Each roof support is capable of independent movement so once the shearer has passed by, the support can lower itself away from the roof and advance forward to fill the space left by the shearer. In this way the roof support system maintains a safe haven for the miners and their equipment to operate in, all the time moving forward as the coal seam is mined and allowing a controlled collapse of the roof.

The efficient operation of the roof support system directly affects the safety and productivity of the mine; any down-time on the system in such a difficult operating environment would be very counter-productive. The reliable performance of these systems systems is essential if the client is to maximise output from the mine and see a return on investment.

Within the mining industry RMI Pressure Systems has a reputation for supplying some of the most reliable high pressure pumping systems available. With pumping stations being used in safety critical functions it is essential that the reliability is beyond question; requiring months of continuous testing before being accepted for operational duty.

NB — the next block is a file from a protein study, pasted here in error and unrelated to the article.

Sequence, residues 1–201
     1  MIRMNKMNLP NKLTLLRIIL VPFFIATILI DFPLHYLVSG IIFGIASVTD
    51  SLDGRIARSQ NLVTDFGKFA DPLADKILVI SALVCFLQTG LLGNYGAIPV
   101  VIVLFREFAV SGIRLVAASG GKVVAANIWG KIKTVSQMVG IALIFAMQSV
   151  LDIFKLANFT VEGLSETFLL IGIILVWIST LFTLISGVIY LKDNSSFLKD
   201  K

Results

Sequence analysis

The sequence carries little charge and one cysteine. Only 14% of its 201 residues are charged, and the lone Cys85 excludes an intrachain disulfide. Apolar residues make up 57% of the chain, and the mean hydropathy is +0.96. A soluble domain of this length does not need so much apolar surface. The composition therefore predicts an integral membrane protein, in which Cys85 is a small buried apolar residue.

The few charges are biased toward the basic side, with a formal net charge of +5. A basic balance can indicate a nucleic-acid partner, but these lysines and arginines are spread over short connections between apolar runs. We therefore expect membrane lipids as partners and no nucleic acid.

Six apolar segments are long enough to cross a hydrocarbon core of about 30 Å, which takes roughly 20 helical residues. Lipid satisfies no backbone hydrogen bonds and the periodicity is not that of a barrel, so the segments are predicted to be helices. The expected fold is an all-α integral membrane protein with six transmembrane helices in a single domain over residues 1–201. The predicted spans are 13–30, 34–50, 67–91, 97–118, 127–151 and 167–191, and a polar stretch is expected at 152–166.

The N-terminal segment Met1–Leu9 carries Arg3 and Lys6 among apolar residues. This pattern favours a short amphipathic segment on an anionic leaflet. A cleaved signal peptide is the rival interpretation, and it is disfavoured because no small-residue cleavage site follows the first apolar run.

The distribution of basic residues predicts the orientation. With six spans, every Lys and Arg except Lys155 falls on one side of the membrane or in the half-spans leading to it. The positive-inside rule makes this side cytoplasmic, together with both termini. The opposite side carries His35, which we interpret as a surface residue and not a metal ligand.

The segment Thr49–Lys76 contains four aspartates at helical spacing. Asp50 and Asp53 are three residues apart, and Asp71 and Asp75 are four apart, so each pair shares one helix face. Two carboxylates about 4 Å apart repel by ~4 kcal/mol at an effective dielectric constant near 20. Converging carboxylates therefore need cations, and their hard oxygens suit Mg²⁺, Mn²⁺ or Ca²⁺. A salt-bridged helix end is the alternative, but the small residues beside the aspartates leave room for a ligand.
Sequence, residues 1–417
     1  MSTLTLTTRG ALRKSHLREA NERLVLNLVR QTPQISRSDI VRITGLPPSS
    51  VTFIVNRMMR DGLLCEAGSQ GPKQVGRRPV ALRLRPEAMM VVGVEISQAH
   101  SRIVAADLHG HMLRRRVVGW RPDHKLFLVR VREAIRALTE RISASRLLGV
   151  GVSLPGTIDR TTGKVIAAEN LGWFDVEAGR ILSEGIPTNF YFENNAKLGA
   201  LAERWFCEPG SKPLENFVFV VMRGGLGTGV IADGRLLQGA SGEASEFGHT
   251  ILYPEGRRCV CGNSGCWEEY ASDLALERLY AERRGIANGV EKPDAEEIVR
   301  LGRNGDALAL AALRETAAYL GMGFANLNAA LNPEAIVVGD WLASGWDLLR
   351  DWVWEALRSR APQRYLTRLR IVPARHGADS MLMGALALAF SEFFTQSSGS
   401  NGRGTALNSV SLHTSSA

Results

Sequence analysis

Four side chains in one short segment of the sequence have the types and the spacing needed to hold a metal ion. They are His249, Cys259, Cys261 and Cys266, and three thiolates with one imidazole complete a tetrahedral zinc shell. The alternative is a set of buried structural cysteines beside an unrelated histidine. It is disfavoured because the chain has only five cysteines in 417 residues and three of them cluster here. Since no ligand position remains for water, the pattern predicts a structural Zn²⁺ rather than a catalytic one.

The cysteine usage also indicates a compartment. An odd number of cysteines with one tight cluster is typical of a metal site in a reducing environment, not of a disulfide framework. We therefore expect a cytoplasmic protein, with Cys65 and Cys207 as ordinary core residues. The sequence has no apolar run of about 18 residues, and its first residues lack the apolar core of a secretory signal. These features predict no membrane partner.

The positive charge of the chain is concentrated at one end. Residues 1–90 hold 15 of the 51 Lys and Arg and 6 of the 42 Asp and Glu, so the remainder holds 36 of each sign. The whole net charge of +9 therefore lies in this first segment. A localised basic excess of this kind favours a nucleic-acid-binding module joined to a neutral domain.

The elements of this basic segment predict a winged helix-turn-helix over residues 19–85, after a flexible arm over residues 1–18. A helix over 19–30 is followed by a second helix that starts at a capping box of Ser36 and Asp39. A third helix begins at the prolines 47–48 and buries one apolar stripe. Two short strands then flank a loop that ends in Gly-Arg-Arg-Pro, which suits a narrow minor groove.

RMI also has a policy of continuous development of energy efficient products, which has led to the introduction of the ODIN (On Demand Intelligence) control system. This system uses a range of data supplied from equipment used in the process of continuous longwall mining and uses it to calculate the changes in demand for hydraulic fluid before they occur. In this way ODIN can modulate the pump speed and change the flow and pressure characteristics to meet demand in the most responsive way possible.

RMI's impressive reliability is ensured by using only the best quality components and materials and manufacturing to exacting tolerances, to deliver pumps using the latest design techniques. For over 100 years RMI has been supplying innovative, practical solutions, backed by a long history of engineering expertise and proven by the large number of mining operations that rely on its products across the world.


Michael Sherman
RMI Pressure Systems Ltd
+44 (0) 161 274 2451

Sunday 22 March 2015 / file under Engineering | Mining